How the SCOTUS pick could threaten value-based care

Supreme Court
The Supreme Court could jettison the Affordable Care Act's value-based care programs along with the entire law in a major legal challenge next month, which experts say will put the onus on private payers to continue the transition to coordinated care. (Getty/BrianPIrwin)

The Affordable Care Act (ACA) is in peril as the Senate moves to quickly confirm a conservative replacement for the Supreme Court in the next month. But it remains unclear whether certain parts of the law—chiefly those that have helped spur the healthcare industry’s transition to value-based care—could survive a constitutional challenge the court will hear next month.

Several key provisions in the ACA helped the federal government accelerate the transition from Medicare fee-for-service to value-based care.

For instance, the law gave authority to the Center for Medicare and Medicaid Innovation (CMMI) to experiment with different voluntary or mandatory payment models, including for oncology, bundled payments and dialysis. The ACA gave the center $10 billion each decade to fund the models. The ACA also created the Medicare Shared Savings Program (MSSP), which oversees accountable care organizations that agree to take on financial risk in exchange for a cut of any cost savings.

“It would be a travesty to have the courts throw out bipartisan efforts to move to value-based payments,” Clif Gaus, CEO of the National Association of ACOs, said in a statement to Fierce Healthcare. “Those efforts are far removed from the legal arguments before the Supreme Court."

Some experts say that even if the entire law is struck down, private payers could step in to fill a void created by the loss of the ACA’s value-based care programs.

But such a move “may have less weight, since it won’t have the same emphasis in the Medicare program, and Medicare won’t have the same flexibility that it does now to test those payment models,” said Juliette Cubanski, deputy director of the program on Medicare policy for the Kaiser Family Foundation. Medicare does have some authority to test payment models outside of the ACA, but that authority has been very limited in the past, Cubanski said.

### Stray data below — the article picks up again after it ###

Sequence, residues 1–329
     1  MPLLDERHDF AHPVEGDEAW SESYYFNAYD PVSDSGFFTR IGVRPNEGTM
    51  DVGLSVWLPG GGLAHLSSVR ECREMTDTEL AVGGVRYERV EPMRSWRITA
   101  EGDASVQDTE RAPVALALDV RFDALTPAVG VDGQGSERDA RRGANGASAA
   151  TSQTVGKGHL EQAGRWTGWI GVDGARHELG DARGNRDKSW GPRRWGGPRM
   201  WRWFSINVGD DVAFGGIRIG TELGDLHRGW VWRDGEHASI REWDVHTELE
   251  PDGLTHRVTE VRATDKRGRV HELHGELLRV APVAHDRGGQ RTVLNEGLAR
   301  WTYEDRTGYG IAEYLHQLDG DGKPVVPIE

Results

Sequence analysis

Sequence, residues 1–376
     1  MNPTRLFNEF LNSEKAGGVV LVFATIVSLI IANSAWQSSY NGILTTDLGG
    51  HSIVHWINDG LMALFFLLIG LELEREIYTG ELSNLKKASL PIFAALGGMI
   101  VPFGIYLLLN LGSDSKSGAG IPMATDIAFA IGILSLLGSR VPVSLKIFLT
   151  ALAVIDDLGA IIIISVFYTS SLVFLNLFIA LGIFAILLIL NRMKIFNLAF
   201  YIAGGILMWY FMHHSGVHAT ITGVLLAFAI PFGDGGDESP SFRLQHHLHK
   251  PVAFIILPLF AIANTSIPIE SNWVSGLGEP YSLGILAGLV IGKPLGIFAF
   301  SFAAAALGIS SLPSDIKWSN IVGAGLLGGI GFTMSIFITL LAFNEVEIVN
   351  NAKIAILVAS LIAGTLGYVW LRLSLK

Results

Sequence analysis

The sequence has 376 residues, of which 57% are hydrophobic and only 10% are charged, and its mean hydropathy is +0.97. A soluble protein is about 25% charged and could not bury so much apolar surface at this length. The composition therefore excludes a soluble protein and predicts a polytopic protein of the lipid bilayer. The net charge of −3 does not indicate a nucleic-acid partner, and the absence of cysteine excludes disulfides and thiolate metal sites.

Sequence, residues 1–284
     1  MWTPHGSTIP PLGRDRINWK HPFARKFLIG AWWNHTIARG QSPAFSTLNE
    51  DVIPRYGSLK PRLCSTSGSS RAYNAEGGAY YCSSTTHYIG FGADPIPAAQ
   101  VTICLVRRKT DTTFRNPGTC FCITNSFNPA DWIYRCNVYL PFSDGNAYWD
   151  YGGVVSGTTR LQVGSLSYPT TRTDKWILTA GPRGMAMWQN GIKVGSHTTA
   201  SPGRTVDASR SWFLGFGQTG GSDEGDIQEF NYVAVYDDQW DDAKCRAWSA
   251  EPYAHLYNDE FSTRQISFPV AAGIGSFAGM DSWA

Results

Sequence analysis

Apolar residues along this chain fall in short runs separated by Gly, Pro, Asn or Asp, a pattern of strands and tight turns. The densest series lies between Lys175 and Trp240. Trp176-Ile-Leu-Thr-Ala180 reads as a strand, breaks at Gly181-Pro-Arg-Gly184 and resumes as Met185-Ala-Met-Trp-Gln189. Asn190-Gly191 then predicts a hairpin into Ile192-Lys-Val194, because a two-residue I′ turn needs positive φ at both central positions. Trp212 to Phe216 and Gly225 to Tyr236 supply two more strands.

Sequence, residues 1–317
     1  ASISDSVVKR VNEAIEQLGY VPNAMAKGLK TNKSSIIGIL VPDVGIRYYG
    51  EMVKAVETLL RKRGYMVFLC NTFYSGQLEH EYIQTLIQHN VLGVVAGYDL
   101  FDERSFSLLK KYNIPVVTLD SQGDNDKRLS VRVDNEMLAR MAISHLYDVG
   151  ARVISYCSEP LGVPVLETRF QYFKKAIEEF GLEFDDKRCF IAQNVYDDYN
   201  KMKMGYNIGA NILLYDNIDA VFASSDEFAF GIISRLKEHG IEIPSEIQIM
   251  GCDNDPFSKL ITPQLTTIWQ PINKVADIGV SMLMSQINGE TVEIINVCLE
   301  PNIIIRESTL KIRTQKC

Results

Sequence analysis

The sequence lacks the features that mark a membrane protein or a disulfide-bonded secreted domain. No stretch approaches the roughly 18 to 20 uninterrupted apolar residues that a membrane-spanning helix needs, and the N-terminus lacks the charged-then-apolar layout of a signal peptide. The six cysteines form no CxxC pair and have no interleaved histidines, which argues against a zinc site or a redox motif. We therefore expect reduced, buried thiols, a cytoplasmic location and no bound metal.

“The bar is set pretty high for these types of demonstrations, in terms of they have to be budget neutral,” she said.

Private payers have started to accelerate their adoption of value-based care.

If the court gets rid of the entire law, the Centers for Medicare & Medicaid Services could encourage Medicare Advantage to double down on risk-based programs, said Fred Bentley, managing director of consulting firm Avalere Health.

“There already is a real emphasis on growing MA and using MA to be the cost-containment mechanism for the entire Medicare program,” Bentley told Fierce Healthcare.

However, even a push from private payers would be hard to replace the reach of CMMI, especially as Medicare is a major payer for certain specialties, Bentley said.

CMMI also speaks with “one voice” as opposed to payers that may have differences between their own programs, Bentley added.  

Another avenue is Congress could step in to pass a law to enshrine the programs.

What could get struck down

The lawsuit before the court centers on the law’s individual mandate that everyone buy insurance. The 2017 tax reform law zeroed out the mandate penalty but left the rest of the law intact.

A collection of 18 red states led by Texas argue that the zeroing out of the penalty means the mandate is unconstitutional since it can no longer be considered a tax. If the mandate is unconstitutional, then the rest of the law should be struck down as the law cannot survive without the mandate.

A group of 17 states led by California is defending the law and argues that if Congress wanted to get rid of the law when they zeroed out the penalty they would have done so, but they did not.

A federal district judge agreed with the red states and invalidated the entire law in 2018. The Fifth Circuit Court of Appeals ruled late last year that the individual mandate was unconstitutional but punted to the lower court to decide on what parts of the law should be struck down and which remain.

Experts say the prospects for the ACA got worse with the death of liberal Supreme Court Justice Ruth Bader Ginsburg, especially as her potential replacement Amy Coney Barrett disparaged the law in remarks back in 2012.

But it remains unclear whether the court will get rid of the entire law or just the parts linked to the individual mandate, such as the tax credits and preexisting condition protections.

Other facets of the law that are not linked to the mandate—such as the Medicaid expansion and the value-based care programs—could survive, experts say.

“I do believe that value-based care, CMMI and the MSSP are really so different from the issues around the individual mandate that anything short of 100% invalidation of the ACA would not reach those provisions,” said Robert Shaw, a partner with Smith Anderson and head of the law firm’s healthcare practice group.

He added that an invalidation of the entire law appears unlikely, even if Coney Barrett is confirmed in time to hear the case. Oral arguments start Nov. 10, and Senate Republicans are moving to confirm the former Notre Dame law professor before the Nov. 3 presidential election.

Bentley also agreed that full invalidation is an “unlikely outcome.”

“There are … no doubt intense discussion within the Supreme Court on what is severable,” he said. “The sense it is all or nothing is just not accurate.”